• Funding The cohort collaboration was established by the HALCyon grant funded by the New Dynamics of Ageing (RES-353-25-0001) http://www.newdynamics.group.shef.ac.uk/. Details of individual funding and cohort funding are provided below. The funders had no role in this study design; in the analysis and interpretation of the data; in the writing of the paper; and in the decision to submit the paper for publication.

  • 1958BC (NCDS) WTCCC: DNA collection was funded by MRC grant G0000934 and cellline creation by Wellcome Trust grant 068545/Z/02. This study makes use of data generated by the Wellcome Trust Case-Control Consortium. A full list of investigators who contributed to generation of the data is available from the Wellcome Trust Case-Control Consortium website. Funding for the project was provided by the Wellcome Trust under the award 076113. Great Ormond Street Hospital/University College London, Institute of Child Health receives a proportion of funding from the Department of Health's National Institute for Health Research (NIHR) (‘Biomedical Research Centres’ funding).

  • 1958BC (NCDS) T1DGC: DNA collection was funded by MRC grant G0000934 and cellline creation by Wellcome Trust grant 068545/Z/02. This research used resources provided by the Type 1 Diabetes Genetics Consortium, a collaborative clinical study sponsored by the National Institute of Diabetes and Digestive and Kidney Diseases (NIDDK), National Institute of Allergy and Infectious Diseases, National Human Genome Research Institute, National Institute of Child Health and Human Development, and Juvenile Diabetes Research Foundation International (JDRF) and supported by U01 DK062418. Great Ormond Street Hospital/University College London, Institute of Child Health receives a proportion of funding from the Department of Health's National Institute for Health Research (NIHR) (‘Biomedical Research Centres’ funding).

  • The Whitehall II study has been supported by grants from the UK: the Medical Research Council (K013351); Economic and Social Research Council; British Heart Foundation; Health and Safety Executive; Department of Health; and from the US: the National Institute on Aging (NIA; grant no. AG13196; R01AG034454); National Heart Lung and Blood Institute (grant no. HL36310), NIH; and the John D. and Catherine T. MacArthur Foundation Research Networks on Successful Midlife Development and Socioeconomic Status and Health.

  • Samples from the English Longitudinal Study of Ageing (ELSA) DNA Repository (EDNAR), received support under a grant (AG1764406S1) awarded by the NIA. ELSA was developed by a team of researchers based at the National Centre for Social Research, University College London and the Institute of Fiscal Studies. The data were collected by the National Centre for Social Research.

  • BO: The Wellcome Trust funded R.M.M. to undertake the clinical third wave of follow-up of Boyd Orr (2002-03) as part of a research training fellowship in clinical epidemiology (grant GR063779FR).

  • The LBC1921 was funded by the Biotechnology and Biological Sciences Research Council (15/SAG09977), the Chief Scientist Office of the Scottish Executive Health Department (CZB/4/505, ETM/55, CZH/4/213, CZG/3/2/79), a Royal Society-Wolfson Research Merit Award to Ian Deary. The work was undertaken by The University of Edinburgh Centre for Cognitive Ageing and Cognitive Epidemiology, part of the cross council Lifelong Health and Wellbeing Initiative (MR/K026992/1). Funding from the Biotechnology and Biological Sciences Research Council (BBSRC) and Medical Research Council (MRC) is gratefully acknowledged.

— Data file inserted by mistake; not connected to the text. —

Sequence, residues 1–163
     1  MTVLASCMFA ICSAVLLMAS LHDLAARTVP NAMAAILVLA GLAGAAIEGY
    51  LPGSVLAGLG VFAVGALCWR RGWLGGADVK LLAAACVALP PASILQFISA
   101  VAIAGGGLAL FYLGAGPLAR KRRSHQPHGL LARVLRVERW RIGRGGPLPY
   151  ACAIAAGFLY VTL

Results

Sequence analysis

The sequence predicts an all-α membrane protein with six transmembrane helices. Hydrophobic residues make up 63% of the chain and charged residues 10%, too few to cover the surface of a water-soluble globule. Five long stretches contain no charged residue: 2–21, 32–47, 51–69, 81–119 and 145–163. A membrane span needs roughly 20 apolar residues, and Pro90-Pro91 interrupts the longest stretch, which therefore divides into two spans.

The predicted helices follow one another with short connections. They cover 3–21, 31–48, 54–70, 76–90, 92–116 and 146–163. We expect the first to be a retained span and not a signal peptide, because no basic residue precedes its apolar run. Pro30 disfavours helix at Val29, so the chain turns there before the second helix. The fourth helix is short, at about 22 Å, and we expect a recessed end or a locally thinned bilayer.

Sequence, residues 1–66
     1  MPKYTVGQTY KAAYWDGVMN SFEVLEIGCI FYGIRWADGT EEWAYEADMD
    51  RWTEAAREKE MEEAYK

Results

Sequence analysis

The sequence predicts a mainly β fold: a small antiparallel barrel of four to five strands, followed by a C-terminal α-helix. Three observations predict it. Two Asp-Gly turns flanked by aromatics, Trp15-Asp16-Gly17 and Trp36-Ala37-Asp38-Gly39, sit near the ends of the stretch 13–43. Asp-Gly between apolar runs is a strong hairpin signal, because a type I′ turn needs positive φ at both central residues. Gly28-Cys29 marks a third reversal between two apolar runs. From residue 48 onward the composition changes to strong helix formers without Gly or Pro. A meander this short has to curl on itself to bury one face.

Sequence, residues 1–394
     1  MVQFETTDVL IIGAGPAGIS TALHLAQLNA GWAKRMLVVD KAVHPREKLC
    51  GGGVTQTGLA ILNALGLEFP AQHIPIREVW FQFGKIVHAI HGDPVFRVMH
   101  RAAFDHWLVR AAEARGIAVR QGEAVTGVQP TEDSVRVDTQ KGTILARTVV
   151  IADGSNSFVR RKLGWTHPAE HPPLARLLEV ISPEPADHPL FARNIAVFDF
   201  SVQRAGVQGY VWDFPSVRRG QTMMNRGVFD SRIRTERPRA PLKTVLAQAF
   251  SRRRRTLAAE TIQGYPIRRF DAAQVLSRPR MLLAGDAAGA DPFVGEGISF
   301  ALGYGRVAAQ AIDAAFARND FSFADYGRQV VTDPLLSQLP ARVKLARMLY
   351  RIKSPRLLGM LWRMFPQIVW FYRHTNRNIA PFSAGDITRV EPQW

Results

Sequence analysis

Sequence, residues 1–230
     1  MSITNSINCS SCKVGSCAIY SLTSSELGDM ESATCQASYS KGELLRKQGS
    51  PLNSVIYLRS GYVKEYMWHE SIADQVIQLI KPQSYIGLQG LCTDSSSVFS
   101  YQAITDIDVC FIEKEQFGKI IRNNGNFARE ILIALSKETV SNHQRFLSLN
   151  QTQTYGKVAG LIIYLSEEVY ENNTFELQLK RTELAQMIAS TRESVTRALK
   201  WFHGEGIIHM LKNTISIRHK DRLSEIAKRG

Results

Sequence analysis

• The MRC National Survey of Health and Development (NSHD) is supported by the UK Medical Research Council [MC_UU_12019/1, MC_UU12019/4]. Bona fide researchers can apply to access the NSHD data via a standard application procedure (further details available at: http://www.nshd.mrc.ac.uk/data.aspx).

  • The CaPS was conducted by the former MRC Epidemiology Unit (South Wales) and funded by the Medical Research Council of the United Kingdom. The Department of Social and Community Medicine, University of Bristol now maintains the archive.

  • HCS/HAS: The Hertfordshire studies were supported by the Medical Research Council, NIHR Southampton BRC, NIHR Musculoskeletal BRU (Oxford), Arthritis Research UK, International Osteoporosis Foundation, British Heart Foundation, and EU Framework 7 programme.

  • Competing interests All authors have completed the ICMJE uniform disclosure form at http://www.icmje.org/coi_disclosure.pdf and declare: TLN is an MRC-funded PhD student, IJD reports grants from the BBSRC and the Life Long Health and Wellbeing initiative, RC reports grants from the UK Medical Research Council (MC_UU12019/4) and the New Dynamics of Ageing (RES-353-25-0001), DK reports grants from the UK Medical Research Council (MC_UU12019/4) and the New Dynamics of Ageing (RES-353-25-0001), MiK reports grants from the Medical Research Council (K013351), the Economic and Social Research Council, the National Institute on Aging (R01AG034454) and the National Heart Lung and Blood Institute (R01HL36310) during the conduct of the study; no financial relationships with any organisations that might have an interest in the submitted work in the previous three years; no other relationships or activities that could appear to have influenced the submitted work.

  • Ethics approval Ethical approval was obtained for all cohorts. Full details are provided in the supplement.

  • Provenance and peer review Not commissioned; externally peer reviewed.

  • Data sharing statement No additional data are available.